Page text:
Home Political science Sustainability of Agro-Food and Natural Resource Systems in the Mediterranean Basin
For climate change activists, an expanded understanding of the resource curse's negative impacts on governance can help illuminate some of the significant obstacles preventing national governments from taking action. Domestically, citizens in oil-dependent states often have a severely limited capacity to influence government decisions. Internationally, despite their critical role in the world economy, energy exporters often hesitate to engage in issues of global governance. Although these challenges were once considered only in respect to governments in the developing world, expanding energy interests in industrialized, democratic countries have contributed to reversals in positions on international climate governance and to the rolling back of progressive domestic measures, even in the face of increased public pressure for governmental climate action.
Unfortunately, the international community's reliance on national governments to solve the climate crisis runs head on into these problems, contributing to the challenge of negotiations already fraught with contention. The examples discussed here suggest that both developing and industrialized countries with strong resource extraction industries—even those that have managed largely to avoid the economic consequences of the resource curse—will continue to face severe governance challenges. They will likely remain either unwilling or unable to challenge powerful fossil fuel interests to the degree required to address climate change, even if public support for climate mitigation increases.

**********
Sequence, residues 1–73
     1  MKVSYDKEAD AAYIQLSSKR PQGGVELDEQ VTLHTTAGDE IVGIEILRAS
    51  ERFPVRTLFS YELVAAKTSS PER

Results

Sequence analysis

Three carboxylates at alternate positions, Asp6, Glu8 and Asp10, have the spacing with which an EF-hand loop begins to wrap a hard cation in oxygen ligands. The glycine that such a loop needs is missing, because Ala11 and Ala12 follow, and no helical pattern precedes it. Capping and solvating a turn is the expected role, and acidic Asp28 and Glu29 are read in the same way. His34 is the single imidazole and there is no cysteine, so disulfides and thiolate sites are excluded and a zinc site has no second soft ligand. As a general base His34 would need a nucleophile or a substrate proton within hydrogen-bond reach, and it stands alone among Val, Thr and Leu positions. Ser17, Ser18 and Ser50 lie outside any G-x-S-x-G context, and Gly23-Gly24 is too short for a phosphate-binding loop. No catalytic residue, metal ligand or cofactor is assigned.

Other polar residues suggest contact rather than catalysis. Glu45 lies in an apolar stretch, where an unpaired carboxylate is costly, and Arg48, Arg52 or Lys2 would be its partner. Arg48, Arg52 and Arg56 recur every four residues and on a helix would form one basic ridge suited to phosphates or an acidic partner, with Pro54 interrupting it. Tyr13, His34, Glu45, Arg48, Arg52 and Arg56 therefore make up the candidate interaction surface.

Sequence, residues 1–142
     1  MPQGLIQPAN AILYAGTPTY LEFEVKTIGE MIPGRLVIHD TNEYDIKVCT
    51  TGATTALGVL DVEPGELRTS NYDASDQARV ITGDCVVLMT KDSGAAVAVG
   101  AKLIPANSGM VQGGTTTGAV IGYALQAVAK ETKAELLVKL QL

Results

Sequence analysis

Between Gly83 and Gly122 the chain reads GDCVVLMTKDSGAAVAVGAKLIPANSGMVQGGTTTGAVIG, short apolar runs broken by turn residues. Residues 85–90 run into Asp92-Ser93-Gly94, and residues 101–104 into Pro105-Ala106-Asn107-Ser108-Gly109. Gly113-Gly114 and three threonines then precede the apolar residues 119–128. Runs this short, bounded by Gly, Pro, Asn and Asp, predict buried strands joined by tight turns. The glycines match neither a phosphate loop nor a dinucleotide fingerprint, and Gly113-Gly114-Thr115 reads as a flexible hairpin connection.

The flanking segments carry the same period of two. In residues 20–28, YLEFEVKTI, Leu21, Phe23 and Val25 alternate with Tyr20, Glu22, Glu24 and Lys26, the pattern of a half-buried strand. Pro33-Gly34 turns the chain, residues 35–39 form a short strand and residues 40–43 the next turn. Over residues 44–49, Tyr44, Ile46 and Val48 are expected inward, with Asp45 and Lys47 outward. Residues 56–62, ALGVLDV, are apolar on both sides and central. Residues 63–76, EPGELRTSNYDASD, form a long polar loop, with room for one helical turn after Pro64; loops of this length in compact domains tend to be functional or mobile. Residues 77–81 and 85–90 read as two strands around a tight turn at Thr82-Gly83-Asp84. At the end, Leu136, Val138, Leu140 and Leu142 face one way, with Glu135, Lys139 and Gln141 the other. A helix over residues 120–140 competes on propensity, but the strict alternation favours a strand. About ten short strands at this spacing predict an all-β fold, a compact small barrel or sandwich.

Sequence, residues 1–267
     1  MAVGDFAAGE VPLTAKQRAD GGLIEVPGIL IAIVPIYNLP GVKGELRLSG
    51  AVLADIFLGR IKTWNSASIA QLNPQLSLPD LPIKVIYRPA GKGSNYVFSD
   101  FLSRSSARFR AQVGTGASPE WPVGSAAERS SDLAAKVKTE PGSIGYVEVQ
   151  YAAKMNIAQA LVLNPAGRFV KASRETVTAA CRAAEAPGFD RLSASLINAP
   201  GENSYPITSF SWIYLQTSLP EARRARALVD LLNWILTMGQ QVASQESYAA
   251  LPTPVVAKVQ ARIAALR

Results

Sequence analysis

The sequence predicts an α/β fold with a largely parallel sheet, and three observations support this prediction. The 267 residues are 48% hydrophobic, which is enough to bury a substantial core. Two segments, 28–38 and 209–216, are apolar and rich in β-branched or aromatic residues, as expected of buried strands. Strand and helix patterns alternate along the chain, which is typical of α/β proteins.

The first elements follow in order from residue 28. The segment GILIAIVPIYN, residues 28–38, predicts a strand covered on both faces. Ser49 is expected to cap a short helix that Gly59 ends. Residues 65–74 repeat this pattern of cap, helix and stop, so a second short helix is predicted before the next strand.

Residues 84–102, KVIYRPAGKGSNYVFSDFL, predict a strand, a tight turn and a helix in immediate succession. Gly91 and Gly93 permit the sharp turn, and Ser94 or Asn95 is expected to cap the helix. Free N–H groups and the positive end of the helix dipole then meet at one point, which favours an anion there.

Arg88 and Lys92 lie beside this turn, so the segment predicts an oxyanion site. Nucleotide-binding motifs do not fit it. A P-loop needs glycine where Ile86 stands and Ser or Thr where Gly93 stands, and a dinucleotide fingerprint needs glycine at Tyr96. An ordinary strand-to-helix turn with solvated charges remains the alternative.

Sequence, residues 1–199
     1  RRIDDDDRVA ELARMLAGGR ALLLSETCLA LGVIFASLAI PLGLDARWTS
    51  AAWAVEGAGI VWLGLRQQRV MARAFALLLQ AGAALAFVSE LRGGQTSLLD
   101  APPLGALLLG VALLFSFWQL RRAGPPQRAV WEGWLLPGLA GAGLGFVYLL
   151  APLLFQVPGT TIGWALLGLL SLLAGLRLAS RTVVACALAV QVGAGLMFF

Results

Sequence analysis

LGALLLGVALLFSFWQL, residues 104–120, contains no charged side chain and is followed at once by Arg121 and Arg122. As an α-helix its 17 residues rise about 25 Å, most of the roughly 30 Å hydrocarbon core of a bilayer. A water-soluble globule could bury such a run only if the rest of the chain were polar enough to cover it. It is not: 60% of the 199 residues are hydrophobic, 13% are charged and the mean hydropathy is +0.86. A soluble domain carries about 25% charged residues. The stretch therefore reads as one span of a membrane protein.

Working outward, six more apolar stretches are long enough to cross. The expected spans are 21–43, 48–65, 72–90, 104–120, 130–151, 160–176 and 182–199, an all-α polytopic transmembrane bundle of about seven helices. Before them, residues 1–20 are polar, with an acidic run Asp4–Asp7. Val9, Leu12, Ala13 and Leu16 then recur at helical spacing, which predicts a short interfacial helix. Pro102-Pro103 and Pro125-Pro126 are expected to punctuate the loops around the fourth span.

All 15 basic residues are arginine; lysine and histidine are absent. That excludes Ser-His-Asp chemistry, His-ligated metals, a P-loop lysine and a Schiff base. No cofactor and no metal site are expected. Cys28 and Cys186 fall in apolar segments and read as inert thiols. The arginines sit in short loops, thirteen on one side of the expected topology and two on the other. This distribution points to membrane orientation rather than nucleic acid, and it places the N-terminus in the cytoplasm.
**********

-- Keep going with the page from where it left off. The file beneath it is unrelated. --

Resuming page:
This should prompt climate activists and all those in search of effective levers to influence climate policy to search for new tactics. Although public movements to pressure political leaders must play an essential role, they likely will not be sufficient. To drive real change, governments and the public must find ways to actively engage private industry. This can and should take multiple forms, including efforts to both confront these actors and constructively engage them. The recent grassroots movement advocating for divestment from fossil fuel interests has spread to cities, religious institutions, and hundreds of colleges and universities across the United States, hinting at new and potentially effective strategies to shift pressure directly onto industrial actors. Other strategies, including those aimed at shifting consumer behavior, may also be powerful tools for climate activists.
In addition to these more confrontational approaches, there are more collaborative ways of engaging with corporate actors, and some of this is already taking place in various UN processes. (See Chapter 15.) In order to be effective, the climate movement must continue to search for innovative ways to engage directly with fossil fuel energy interests, using a combination of both consumer-driven pressure and a willingness to expand traditional governing structures beyond the realm of national governments. The failure of governments to solve the climate crisis alone—combined with the important role that energy corporations play in the evolving global economy—necessitates that these private actors have a seat at the table. While this certainly does not guarantee success, it could be a significant step forward in building a governance framework that is best equipped to address the fundamental nature of climate change.
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